Nanotechnology is really an exciting field. One that has tons upon tons of potential in advancing the human race. One of the most viable uses of nanotech is medicine and in particular fighting cancer.
Now, women have another reason to be hopeful against ovarian cancer as immunologists from Dartmouth Medical school have found a way to use nanoparticles in reprogramming cells that have been co-opted by tumor cells to turn back to the ‘good side’ and kill the tumor cells.
The Dartmouth work focuses on dendritic cells–an immune cell particularly abundant in the ovarian cancer environment. Dendritic cells are phagocytes–the soldiers of the immune system that gobble up bacteria and other pathogens, but ovarian cancer has co-opted them for its own use, he continued. “So we were trying to restore the attributes of these dendritic cells–the good guys; they become Trojan horses.”
Cancer is more than tumor cells; many other circulating cells including the dendritic phagocytes converge to occupy nearby space. The dendritic cells around ovarian cancer scoop up the nanocomplexes, composed of a polymer and small interfering RNA (siRNA) molecules to silence their immunosuppressive activity.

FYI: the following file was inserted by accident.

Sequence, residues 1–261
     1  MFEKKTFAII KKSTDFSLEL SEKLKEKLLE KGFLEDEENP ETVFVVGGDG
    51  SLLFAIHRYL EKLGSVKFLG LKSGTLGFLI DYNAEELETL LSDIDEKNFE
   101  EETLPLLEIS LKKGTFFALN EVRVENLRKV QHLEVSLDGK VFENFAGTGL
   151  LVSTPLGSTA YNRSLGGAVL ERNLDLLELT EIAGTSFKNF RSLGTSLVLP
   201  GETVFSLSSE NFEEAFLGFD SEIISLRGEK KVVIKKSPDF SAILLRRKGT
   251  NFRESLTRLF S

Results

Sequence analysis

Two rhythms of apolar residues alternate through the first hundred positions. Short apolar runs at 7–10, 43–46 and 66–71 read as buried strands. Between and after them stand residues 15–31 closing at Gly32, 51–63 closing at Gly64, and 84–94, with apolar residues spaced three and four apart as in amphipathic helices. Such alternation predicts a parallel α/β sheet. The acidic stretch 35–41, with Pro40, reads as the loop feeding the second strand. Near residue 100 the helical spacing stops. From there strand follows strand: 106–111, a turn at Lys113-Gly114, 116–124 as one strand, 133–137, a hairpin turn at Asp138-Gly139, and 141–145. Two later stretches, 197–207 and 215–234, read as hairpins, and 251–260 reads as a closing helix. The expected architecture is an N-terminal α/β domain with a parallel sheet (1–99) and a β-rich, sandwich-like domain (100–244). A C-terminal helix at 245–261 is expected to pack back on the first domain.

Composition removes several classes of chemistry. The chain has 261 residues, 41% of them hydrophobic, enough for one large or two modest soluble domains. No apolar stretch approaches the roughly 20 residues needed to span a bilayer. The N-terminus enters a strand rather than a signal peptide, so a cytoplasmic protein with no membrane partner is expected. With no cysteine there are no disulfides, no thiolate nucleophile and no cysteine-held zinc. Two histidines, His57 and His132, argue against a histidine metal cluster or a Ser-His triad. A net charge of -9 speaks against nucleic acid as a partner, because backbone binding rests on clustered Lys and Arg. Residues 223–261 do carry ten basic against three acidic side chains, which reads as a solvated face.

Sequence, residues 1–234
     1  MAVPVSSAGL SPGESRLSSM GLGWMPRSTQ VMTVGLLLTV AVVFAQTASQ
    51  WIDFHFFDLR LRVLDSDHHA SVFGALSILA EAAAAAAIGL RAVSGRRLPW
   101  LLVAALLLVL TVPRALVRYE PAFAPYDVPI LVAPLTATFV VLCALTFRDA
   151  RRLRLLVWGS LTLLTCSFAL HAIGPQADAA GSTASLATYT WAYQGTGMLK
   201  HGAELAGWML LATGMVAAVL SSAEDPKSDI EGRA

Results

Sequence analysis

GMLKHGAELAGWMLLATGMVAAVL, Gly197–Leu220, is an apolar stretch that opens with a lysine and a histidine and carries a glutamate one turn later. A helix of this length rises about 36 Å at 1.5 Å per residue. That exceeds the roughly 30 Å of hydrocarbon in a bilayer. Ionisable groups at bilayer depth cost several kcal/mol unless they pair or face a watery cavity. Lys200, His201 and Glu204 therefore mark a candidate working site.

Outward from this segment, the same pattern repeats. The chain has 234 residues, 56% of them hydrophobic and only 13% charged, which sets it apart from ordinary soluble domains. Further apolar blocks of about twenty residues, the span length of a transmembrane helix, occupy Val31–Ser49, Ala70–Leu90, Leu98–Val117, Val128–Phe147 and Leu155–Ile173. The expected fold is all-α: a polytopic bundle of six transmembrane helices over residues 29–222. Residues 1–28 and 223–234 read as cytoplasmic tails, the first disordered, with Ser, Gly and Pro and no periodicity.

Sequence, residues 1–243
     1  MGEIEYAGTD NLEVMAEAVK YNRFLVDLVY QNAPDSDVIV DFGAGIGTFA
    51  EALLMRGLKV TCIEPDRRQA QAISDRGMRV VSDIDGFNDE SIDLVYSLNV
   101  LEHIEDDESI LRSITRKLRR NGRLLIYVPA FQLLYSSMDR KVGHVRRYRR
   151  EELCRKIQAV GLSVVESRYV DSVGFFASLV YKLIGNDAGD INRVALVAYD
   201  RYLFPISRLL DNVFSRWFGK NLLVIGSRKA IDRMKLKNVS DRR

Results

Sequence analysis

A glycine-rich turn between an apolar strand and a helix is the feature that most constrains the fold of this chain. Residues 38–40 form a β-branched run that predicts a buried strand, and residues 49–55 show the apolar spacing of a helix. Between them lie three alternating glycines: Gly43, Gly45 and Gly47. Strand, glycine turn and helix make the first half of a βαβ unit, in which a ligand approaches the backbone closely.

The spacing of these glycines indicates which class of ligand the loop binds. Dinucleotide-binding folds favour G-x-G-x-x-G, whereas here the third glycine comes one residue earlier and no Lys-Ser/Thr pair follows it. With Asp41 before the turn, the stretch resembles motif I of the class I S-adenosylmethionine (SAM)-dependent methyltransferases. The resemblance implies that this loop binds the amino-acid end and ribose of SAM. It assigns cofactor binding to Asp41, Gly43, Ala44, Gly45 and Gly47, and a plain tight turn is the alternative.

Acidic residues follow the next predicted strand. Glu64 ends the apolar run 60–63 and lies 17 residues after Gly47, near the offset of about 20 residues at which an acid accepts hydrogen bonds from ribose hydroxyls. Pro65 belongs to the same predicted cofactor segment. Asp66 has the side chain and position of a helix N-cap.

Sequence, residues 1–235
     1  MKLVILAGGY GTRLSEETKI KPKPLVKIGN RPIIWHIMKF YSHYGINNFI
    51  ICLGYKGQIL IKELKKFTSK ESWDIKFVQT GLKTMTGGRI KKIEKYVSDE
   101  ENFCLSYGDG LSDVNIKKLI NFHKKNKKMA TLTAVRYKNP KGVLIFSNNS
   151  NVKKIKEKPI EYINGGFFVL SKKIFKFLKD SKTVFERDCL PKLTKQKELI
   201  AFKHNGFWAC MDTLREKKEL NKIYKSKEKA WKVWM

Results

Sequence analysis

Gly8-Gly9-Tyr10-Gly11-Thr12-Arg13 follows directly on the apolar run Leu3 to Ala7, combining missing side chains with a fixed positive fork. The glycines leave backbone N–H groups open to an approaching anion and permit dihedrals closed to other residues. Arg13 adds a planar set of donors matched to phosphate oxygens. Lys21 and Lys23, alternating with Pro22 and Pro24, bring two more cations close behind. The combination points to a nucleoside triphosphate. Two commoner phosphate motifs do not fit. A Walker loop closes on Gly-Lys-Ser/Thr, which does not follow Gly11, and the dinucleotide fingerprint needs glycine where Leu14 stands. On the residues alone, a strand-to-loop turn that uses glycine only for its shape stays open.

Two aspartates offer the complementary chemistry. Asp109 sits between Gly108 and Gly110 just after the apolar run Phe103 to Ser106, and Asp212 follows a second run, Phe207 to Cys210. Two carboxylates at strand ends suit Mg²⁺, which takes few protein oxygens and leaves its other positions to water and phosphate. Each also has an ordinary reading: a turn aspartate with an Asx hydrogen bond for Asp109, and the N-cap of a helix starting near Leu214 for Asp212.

Nanoparticle incorporation transforms them from an immunosuppressive to an immunostimulatory cell type at tumor locations, provoking anti-tumor responses and also directly killing tumor cells. The effect is particularly striking with an siRNA designed to silence the gene responsible for making an immune protein called PD-L.
However, the researches offer a word of caution in connection to this new technique. Since it activates anti-tumor responses including inflammation, inducing such a response to an already weakened cancer patient may have negative effects.
Further clinical tests using sample human ovarian cancer cells suggested the feasibility of this new technique. Once more, science has come to the aid of man in helping him fight cancer.
Dartmouth-Hitchcock Medical Center (2009, July 16). Trojan Horse For Ovarian Cancer: Nanoparticles Turn Immune System Soldiers